• Former Treasury building Whitehall
  • York Minster, Gothic pulpit and choir furniture, since removed

William Kent was an easy-going and generous spirited man who inspired affection and pursued a long and successful career. He died at the age of 63 leaving his descendants well provided for. He was buried at Chiswick in the family vault of his great friend the Earl of Burlington.

Life in Elmbridge

In 1729 Henry Pelham (1694-1754) who served as Prime Minister from 1743 to 1754, bought the Jacobean property Esher Place which had once belonged to the Bishops of Winchester. Pelham opted for a Gothic style house with Kent endeavouring to improve the building that was already there. Waynflete's Tower which was built at the same time as the late fifteenth century house was modified by Kent: he added the two three bay wings of three stories as well as the one story porch between the turrets. Kent's work at Esher Place was the first use of Gothic revival style anywhere. He changed the orientation of the house away from the river.

Horace Walpole's view of Kent's landscape designing was that: 'the Great principles on which he worked were perspective, and light and shade.' At Esher Place he had 200 acres on which to apply these principles. In Alexander Pope's words he, "called in the country" by returning the park to its natural state. The area nearest the house was kept simple to ensure a clear view of the park. Formality was swept away with trees left to grow as nature decreed but often grouped to break up the monotony of wide open spaces. Strategically placed buildings brought reminders of Gothic and Classical antiquities. According to George Vertue, 'No nobleman's garden was thought to be of taste, unless Mr Kent had disposed or planted...' Kent provided the ideal retreat for Henry Pelham where he could entertain politicians, royalty and the creative elite of Georgian society. What remains of his work today is Waynflete Tower by the River Mole, a Palladian Temple in a back garden, two lodges at the entrance to Esher Place and the arch leading through to the walled Kitchen Garden.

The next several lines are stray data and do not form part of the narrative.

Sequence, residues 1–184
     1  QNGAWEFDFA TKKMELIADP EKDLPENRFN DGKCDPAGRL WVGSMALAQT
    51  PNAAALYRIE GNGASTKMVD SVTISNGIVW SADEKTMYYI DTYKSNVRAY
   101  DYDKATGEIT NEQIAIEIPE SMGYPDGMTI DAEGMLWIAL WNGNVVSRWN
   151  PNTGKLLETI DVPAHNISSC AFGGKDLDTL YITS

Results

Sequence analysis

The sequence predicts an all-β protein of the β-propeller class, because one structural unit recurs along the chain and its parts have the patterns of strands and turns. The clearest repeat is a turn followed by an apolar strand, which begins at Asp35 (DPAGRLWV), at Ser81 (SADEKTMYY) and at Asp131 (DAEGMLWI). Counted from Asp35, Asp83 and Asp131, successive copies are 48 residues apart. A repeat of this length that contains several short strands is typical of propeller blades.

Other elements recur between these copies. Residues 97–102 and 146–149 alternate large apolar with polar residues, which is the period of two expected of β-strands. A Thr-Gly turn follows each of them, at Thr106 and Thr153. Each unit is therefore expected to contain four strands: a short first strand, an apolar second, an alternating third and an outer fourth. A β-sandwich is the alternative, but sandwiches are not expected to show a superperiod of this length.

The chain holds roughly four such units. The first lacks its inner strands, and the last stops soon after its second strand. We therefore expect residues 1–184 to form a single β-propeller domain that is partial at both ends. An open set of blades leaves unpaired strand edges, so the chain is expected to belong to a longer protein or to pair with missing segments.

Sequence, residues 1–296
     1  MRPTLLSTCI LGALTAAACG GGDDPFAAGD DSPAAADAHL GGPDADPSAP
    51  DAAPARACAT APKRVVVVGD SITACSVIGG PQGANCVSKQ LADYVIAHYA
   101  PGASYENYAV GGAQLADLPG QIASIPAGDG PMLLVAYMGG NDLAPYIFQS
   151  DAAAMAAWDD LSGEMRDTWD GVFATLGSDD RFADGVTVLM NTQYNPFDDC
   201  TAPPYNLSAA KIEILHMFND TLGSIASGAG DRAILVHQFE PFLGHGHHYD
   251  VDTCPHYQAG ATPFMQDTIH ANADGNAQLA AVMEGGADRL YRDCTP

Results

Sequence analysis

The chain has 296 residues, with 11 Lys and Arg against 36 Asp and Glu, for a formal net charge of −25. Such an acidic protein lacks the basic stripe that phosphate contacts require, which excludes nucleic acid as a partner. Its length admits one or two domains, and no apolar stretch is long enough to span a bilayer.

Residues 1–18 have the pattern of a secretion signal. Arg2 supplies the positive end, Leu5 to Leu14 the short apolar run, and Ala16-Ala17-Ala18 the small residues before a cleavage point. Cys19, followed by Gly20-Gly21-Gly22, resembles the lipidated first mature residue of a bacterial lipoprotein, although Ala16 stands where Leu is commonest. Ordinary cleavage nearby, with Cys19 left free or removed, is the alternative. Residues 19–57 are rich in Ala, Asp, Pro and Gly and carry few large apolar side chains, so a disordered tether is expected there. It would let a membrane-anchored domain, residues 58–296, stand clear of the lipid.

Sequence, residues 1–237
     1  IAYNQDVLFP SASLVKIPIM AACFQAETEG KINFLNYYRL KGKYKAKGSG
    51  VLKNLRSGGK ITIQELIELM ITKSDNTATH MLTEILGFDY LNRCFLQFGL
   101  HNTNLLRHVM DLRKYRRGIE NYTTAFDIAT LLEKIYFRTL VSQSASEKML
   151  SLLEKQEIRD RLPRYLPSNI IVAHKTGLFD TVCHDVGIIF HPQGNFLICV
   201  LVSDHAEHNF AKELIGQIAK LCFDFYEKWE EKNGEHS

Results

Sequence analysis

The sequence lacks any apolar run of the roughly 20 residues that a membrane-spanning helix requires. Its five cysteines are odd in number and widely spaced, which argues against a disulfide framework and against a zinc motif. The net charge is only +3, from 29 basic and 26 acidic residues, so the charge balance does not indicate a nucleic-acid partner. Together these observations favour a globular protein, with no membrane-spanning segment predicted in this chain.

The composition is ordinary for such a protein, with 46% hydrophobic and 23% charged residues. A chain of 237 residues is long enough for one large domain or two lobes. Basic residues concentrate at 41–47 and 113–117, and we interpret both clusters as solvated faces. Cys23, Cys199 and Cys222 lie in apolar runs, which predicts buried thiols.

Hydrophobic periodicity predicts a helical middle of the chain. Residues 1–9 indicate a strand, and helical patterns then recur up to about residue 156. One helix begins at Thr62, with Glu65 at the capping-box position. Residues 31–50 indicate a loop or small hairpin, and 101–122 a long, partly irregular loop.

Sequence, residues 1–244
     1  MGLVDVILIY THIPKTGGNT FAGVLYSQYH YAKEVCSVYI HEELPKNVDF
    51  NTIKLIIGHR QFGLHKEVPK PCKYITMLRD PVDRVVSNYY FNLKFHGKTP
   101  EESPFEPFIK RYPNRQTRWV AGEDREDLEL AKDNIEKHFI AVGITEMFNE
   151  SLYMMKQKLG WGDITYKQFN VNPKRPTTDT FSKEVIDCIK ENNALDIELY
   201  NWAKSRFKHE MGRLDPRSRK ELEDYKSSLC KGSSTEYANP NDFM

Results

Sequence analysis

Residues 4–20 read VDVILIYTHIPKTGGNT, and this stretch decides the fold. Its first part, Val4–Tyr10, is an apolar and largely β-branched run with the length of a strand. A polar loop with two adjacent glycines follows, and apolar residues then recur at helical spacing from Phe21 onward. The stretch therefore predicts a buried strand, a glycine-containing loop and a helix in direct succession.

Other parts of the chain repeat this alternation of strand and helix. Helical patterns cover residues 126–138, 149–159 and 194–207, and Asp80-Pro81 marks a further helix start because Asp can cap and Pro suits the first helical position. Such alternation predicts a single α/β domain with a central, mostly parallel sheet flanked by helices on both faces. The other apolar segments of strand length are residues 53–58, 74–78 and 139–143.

Nearby, at Claremont, Henry Pelham's brother, Thomas Pelham-Hobbes, Duke of Newcastle (1693-1768; Prime Minister 1754-56) commissioned William Kent, albeit restricted by a small budget, to develop the landscaping and buildings of Vanbrugh and Charles Bridgeman. He widened Bridgeman's round pond into a large lake with the wooded island and Belisle Temple that still remain.

William Kent is best remembered as the architect responsible for the revival of the Palladian style in England and as the instigator of the English landscape garden which his talented apprentice, Lancelot 'Capability' Brown took to even greater heights. Kent revolutionized garden design. In 1780, Horace Walpole credited William Kent as having, 'leapt the fence and seen that all nature was a garden' and in 'The Seasons', the Scots poet, James Thomson (author of the lyrics of Rule, Britannia) refers to, 'Esher's peaceful grove/ where Kent and Nature vie for Pelham's love.' The majority of Kent's designs are held in London by the British Museum, the Public Record Office, the Royal Institute of British Architects, Sir John Saone's Museum and the Victoria and Albert Museum; in Oxford by the Ashmolean Museum and at Chatsworth House, Derbyshire.

Sources